The Connector is a publication of the Mt. Healthy City School District. It is published three times a year. To receive a copy, call 728-4445. See us on the web: http://www.mthcs.org Layout, editorial and photography by Judy Ashton, Communications Coordinator

We finished another school year! Graduation was great, with nearly $2 million awarded in scholarships. Some of our students will serve in the military or enroll in two- and four-year college or trade programs. Every student that graduated or promoted to the next grade can thank the great teaching staff at Mt. Healthy Schools. Learning is usually a inconspicuous process. When asked: ìWhat did you learn in school?î 99% of the time the answer will be a familiar one, ìnothing.î Along the way, students learn to read, write, contemplate scientific theories and create. Does this mean that learning only takes place 1% of the time that the kids are in school? Of course not! Learning is an individualized process, hopefully combined with a series of events, and requires a multitude of approaches and exposures by patient teachers who hang in there and day after day fighting to spark learning. Thank you to all our teachers. Teachers will begin the learning process anew in about 12 weeks when schools re-open August 25. But before that, another important event takes place August 3. We are asking for your support in approving a levy RENEWAL. This renewal will not increase your taxes, but it will mean that your school district will be able to support an additional two to three years of wonderful learning opportunities for our students. It means students can continue to learn from our great teaching staff and experience the wonderous joys of public school life like plays, choir, sports, clubs, school trips and other events that shape learning experiences. Public Schools were created to give all kids an opportunity to have an education. Yes, schools are different from the way they use to be, but the broad mission has not changed. Our kids need the same opportunities to a good education. Supporting this levy renewal will do exactly that for the next two to three years. Thank you for supporting public schools. - Al Crawford, School Board President

Spring 2004

Couryard Project: Community Service Begins At Home
Mt. Healthy High School students and staff have devoted countless hours to the restoration of the courtyard in the rear of the school. The dream is to restore it to its former beauty, a prestigious gathering place in the 1970s that hosted many school activities. Then, the space was known as the Kull Courtyard, named after art teacher Rebecca Kull, who taught in the district from 1960 to 1971. She worked to raise the funds to lay the brick, plant flowers and trees. Now, the courtyard has succumbed to decay. Bricks are crumbling, the ground has shifted and trees are floundering. Work has already begun to restore the courtyard. Staff and students spent numerous hours this school year pulling up old bricks and recycling the good ones for resale to a local company. High school Principal Jack Fisher continues to explore funding options. Though dollars are tight, staff and students press on with what can be accomplished at a cost of nothing more than man power. ìWe are still clearing brick,î he said. ìAt some point, I will form a committee and begin the process of deciding what and how to build.î To volunteer or help with fund-raising, call Mr. Fisher at 729-0130.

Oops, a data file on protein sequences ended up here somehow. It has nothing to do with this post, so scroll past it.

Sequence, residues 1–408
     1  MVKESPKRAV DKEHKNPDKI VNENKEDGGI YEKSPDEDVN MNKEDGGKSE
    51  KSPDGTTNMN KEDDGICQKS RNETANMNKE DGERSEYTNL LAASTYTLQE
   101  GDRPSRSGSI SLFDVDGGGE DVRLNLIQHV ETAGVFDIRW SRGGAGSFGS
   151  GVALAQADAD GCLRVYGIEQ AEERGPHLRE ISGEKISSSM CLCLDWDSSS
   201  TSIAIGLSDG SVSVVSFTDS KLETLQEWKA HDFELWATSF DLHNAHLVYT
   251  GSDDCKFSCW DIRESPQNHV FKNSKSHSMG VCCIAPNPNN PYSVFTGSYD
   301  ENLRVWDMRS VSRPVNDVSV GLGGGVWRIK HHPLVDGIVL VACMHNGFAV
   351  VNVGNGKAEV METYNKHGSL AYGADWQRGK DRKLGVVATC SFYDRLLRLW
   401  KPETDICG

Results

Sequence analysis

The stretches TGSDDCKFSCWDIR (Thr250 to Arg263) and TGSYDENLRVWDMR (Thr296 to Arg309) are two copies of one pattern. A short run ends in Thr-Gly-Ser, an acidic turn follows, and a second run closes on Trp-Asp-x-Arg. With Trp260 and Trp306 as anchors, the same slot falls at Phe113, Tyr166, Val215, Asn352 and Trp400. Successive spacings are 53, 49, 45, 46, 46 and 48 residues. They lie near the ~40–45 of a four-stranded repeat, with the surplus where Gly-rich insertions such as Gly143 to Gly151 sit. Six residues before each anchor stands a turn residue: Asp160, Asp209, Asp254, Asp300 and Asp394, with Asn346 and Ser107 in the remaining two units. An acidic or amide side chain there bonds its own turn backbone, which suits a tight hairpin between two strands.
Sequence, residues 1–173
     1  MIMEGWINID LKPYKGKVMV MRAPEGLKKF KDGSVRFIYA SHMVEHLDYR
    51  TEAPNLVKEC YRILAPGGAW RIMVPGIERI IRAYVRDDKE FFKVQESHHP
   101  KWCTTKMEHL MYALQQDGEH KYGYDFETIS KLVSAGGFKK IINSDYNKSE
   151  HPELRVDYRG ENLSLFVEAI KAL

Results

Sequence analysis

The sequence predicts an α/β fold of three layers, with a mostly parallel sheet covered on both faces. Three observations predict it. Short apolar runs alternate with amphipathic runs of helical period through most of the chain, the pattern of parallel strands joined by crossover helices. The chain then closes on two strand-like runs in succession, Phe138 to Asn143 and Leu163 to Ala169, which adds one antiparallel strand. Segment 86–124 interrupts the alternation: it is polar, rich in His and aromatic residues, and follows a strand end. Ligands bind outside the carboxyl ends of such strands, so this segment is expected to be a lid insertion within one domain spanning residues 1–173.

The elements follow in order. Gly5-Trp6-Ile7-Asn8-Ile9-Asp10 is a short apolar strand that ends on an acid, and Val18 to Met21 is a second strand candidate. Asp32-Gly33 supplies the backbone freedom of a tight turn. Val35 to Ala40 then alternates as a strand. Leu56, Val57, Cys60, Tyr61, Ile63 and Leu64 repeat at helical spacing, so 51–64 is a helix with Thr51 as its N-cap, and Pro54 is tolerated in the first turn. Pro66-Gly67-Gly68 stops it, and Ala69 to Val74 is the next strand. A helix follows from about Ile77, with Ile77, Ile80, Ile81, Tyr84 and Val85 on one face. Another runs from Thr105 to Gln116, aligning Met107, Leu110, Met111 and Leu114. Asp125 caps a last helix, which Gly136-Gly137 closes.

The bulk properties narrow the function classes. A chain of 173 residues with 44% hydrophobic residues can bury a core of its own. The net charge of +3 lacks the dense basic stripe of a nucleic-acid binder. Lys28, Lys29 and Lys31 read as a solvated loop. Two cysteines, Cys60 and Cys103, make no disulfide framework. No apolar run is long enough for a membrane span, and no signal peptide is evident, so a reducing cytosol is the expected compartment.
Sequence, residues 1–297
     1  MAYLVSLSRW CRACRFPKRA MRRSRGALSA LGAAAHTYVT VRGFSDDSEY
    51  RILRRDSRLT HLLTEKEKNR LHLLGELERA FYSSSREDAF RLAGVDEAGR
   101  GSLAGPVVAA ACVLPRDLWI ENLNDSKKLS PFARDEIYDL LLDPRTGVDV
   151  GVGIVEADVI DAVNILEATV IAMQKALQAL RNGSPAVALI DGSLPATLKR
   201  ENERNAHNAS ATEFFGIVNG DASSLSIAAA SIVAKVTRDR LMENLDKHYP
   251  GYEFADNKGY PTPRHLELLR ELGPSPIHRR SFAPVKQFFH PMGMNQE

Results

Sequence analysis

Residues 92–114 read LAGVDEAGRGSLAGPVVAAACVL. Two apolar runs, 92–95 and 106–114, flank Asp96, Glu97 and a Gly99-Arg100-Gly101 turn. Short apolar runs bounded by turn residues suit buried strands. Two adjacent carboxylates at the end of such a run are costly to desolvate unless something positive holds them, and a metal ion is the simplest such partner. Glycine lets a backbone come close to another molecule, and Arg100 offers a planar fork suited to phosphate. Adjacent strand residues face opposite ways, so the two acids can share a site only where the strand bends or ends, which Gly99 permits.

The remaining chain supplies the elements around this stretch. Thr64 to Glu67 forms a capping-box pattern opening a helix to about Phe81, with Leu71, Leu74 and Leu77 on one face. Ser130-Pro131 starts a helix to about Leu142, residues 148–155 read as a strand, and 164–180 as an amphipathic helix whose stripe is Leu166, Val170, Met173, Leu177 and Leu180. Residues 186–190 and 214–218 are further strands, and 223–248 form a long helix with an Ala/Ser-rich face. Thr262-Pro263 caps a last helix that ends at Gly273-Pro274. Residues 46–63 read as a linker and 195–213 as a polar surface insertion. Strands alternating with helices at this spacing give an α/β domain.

Administrative Changes
With the retirement/resignation of four administrators, a restructuring of roles and responsibilities is in place for the 2004-05 school year. This restructuring will save more than $125,000. The district welcomes Mark S. Walden, currently principal at FelicityFranklin Elementary School, as the new principal at Frost Elementary. He will succeed Bob Kelly, who will become principal at New Burlington Elementary next year. Barb Ewing, principal at New Burlington, will lead Rex Ralph next year as principal. Rex Principal Hazel Ross retires this year after 30 years in the district. Mr. Waldenís professional experience includes teaching first and fifth grades, school counseling, as well as serving as a mental health specialist at Childrenís Hospital. Susan Heitner will become the Coordinator of Special Education. Ms. Heitner has been a special education teacher in our district since 1975, the last 12 at Frost Elementary. Lori Handler, currently Director of Elementary Education, will become Executive Director of Personnel and Staff Development. Ms. Handler, who has 27 years in the district as a teacher and administrator, will complete her superintendentís license and be elevated to assistant superintendent. She will be responsible for personnel operations and staff development. Jane Hoop Elementary Principal Todd Bowling has been named Director of Elementary and Secondary Education. He will supervise secondary administrative staff, align curriculum and oversee K-12 initiatives. Mr. Bowling has been with the district for seven years, his first two as assistant principal at the high school and the last five as principal at Hoop. Prior to coming to Mt. Healthy, he taught in both elementary and secondary levels at Northwest Local School District. The search for a new principal at Jane Hoop Elementary is under way.

Cafeteria Gets Computerized Cash Registers